Plans are nothing. Planning is everything
I attended my daughter's graduation from St. Louis University, and the commencement speaker was the United States Ambassador to Ireland, Kevin O'Malley. A double SLU graduate (Business, Law) began his comments with a simple statement from former President Dwight D. Eisenhower: "Plans are nothing. Planning is everything." The President's statement referred to the United States' battle plans during World War II. They were continually revising to address changing circumstances. The Ambassador's message to the graduates was while you may think you have a plan for your life, that plan will change as your circumstances change.
The same is true for you as an insurance professional. While you may have a business plan in place, change in circumstances may cause you to modify your plans. As you plan for your agency's future, your and your staff's future, circumstances, mostly in the form of market forces, cause you to change your business plan to adapt to those forces.
And the same is true about agency risk management. Over the last 25-30 years, think about some of the things that have changed the way you do business and helped you to change your risk management. One of the first was the change from agency billed policies to direct bill policies. Until the late 1980s to the early 1990s, virtually all insurance agencies sold the carriers' policies and collected the premiums. Then, carriers began the process of "direct bill," especially for renewals. From a risk management standpoint, this was one of the best improvements as it did two things:
1) took the agencies out of the money handling business, which was a significant cause of E&O loss due to discrepancies regarding payment of premiums, and
2) it removed the agency from the process of notifying the customer when the premium was due and cancellation of the policy for failure to pay, one of the largest areas of E&O loss at the time.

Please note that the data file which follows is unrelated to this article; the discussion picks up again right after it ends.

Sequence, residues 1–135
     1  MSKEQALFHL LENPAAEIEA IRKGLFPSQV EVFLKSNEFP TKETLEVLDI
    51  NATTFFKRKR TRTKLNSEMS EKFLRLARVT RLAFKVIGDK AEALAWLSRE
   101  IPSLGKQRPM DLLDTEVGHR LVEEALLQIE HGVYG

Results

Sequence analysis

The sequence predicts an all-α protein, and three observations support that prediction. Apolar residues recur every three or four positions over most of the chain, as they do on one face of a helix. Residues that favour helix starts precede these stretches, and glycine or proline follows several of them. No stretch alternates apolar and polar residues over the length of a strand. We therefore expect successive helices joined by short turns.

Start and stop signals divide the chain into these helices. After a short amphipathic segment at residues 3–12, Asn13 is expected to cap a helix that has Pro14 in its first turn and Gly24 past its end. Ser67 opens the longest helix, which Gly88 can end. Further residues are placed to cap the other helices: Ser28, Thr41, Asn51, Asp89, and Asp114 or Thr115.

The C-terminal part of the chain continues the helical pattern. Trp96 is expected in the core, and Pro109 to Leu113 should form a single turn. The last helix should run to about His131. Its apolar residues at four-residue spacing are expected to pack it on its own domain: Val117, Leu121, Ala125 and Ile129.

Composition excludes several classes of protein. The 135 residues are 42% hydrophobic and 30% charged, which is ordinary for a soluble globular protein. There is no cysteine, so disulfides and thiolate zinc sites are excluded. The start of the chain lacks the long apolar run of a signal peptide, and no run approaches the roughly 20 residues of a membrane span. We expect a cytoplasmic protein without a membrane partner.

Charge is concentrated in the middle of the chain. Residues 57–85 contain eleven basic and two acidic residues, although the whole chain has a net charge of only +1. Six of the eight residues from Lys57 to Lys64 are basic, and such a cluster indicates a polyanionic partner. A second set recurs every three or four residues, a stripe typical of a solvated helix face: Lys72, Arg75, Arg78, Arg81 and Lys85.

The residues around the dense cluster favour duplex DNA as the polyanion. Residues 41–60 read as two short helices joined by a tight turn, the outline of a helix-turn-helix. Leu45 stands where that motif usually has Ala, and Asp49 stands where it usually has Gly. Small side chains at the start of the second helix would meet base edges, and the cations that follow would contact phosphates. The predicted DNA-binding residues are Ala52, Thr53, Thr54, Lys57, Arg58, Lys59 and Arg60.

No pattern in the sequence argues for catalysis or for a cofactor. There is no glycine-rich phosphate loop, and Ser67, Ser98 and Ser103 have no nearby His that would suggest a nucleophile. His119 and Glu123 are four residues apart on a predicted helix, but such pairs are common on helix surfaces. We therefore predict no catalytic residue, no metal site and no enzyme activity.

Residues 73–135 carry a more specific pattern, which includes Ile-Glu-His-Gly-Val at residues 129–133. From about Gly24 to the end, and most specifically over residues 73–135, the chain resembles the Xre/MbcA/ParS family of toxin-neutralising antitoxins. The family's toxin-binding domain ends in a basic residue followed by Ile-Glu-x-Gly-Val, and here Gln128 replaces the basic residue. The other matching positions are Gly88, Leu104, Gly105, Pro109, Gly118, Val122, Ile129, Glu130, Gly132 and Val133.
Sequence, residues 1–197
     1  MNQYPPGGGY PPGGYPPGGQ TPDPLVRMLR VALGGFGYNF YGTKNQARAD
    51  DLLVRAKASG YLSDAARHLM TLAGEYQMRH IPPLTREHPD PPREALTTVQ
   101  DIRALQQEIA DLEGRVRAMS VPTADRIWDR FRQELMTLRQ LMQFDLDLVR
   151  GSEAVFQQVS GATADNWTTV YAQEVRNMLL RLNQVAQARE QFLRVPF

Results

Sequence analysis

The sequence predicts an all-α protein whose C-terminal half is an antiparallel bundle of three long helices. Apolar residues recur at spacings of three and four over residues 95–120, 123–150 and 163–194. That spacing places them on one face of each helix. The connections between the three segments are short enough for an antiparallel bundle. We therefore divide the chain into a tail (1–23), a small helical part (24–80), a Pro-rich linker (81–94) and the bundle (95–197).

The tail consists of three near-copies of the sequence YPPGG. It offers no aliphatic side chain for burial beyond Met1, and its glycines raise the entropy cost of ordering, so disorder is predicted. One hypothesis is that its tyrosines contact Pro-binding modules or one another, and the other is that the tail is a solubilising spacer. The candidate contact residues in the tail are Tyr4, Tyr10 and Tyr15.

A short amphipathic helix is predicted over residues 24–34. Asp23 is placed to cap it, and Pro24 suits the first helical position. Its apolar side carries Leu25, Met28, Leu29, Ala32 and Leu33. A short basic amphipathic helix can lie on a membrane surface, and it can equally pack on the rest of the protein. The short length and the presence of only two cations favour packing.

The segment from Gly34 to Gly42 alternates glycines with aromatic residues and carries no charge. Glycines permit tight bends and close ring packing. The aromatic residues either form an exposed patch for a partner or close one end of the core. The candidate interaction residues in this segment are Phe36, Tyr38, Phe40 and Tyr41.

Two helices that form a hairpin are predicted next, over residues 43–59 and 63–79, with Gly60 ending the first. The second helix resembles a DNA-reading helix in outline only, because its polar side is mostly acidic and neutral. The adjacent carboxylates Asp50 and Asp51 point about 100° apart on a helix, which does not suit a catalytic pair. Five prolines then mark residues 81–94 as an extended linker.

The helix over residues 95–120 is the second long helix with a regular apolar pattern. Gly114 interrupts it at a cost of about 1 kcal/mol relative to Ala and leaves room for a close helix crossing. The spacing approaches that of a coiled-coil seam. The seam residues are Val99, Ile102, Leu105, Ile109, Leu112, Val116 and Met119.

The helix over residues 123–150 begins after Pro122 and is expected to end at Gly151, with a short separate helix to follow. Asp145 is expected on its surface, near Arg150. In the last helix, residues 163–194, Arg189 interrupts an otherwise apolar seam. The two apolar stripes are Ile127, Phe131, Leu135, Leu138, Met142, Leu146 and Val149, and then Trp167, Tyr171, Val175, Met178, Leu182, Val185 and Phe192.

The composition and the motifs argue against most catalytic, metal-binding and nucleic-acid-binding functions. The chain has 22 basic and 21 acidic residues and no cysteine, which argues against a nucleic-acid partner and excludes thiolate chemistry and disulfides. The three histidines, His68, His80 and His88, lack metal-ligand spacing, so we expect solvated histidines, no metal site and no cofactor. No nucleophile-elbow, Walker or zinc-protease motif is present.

Unfortunately, we still see some claims involving the notification of insureds when their premium is due, even though the agent has no such duty to do so. Still, they're due to the agencies not adapting to changes in the market, which have removed them from this part of the transaction and continuing to insert themselves when they have no such duty. Numerous articles are available on the IIABA Virtual University, and E&O Happens if you want more information about how to avoid this exposure.
Another significant area that has recently been on the rise is that insurance carriers no longer require agents to submit signed applications for insurance policies they write for their customers. Many carriers' online systems may not even allow agents to submit applications or the applications they submit do not match the criteria used to underwrite or price the risk. While the carriers may believe this streamlines the process, it eliminates the ability to defend an E&O claim when a dispute arises on the risk that was insured.
However, we have seen many agencies that have adapted and are planning their internal systems to create appropriate documentation even when the carriers have not done so.
Yet another area that is causing E&O exposures is that of technology in general. Agency websites, Facebook, smartphones, tablets, and many other technology firms were unheard of as little as 20 years ago. Now, they are everywhere and make planning for these technologies crucial to conducting business. You should especially take into account how your agency can protect its information and itself from E&O claims arising from new technology.
As General Eisenhower said, "Plans are nothing. Planning is everything." Protect your agency from potential E&O claims by planning continually to adapt as circumstances change in your business.
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This article is intended to be used for general informational purposes only and is not to be relied upon or used for any particular purpose. Swiss Re shall not be held responsible in any way for, and expressly disclaims any liability arising out of or in any way connected to, reliance on or use of any of the information contained or referenced in this article. The information contained or referenced in this article is not intended to constitute. It should not be considered legal, accounting, or professional advice, nor shall it serve as a substitute for the recipient obtaining such advice. The views expressed in this article do not necessarily represent the views of the Swiss Re Group ("Swiss Re") and/or its subsidiaries and/or management and/or shareholders.
*Richard F. Lund, J.D., is a Vice President and Senior Underwriter of Swiss Re Corporate Solutions, underwriting insurance agents’ errors and omissions coverage. He has also been an insurance agents E&O claims counsel and has written and presented numerous E&O risk management/ loss control seminars, mock trials, and articles nationwide since 1992.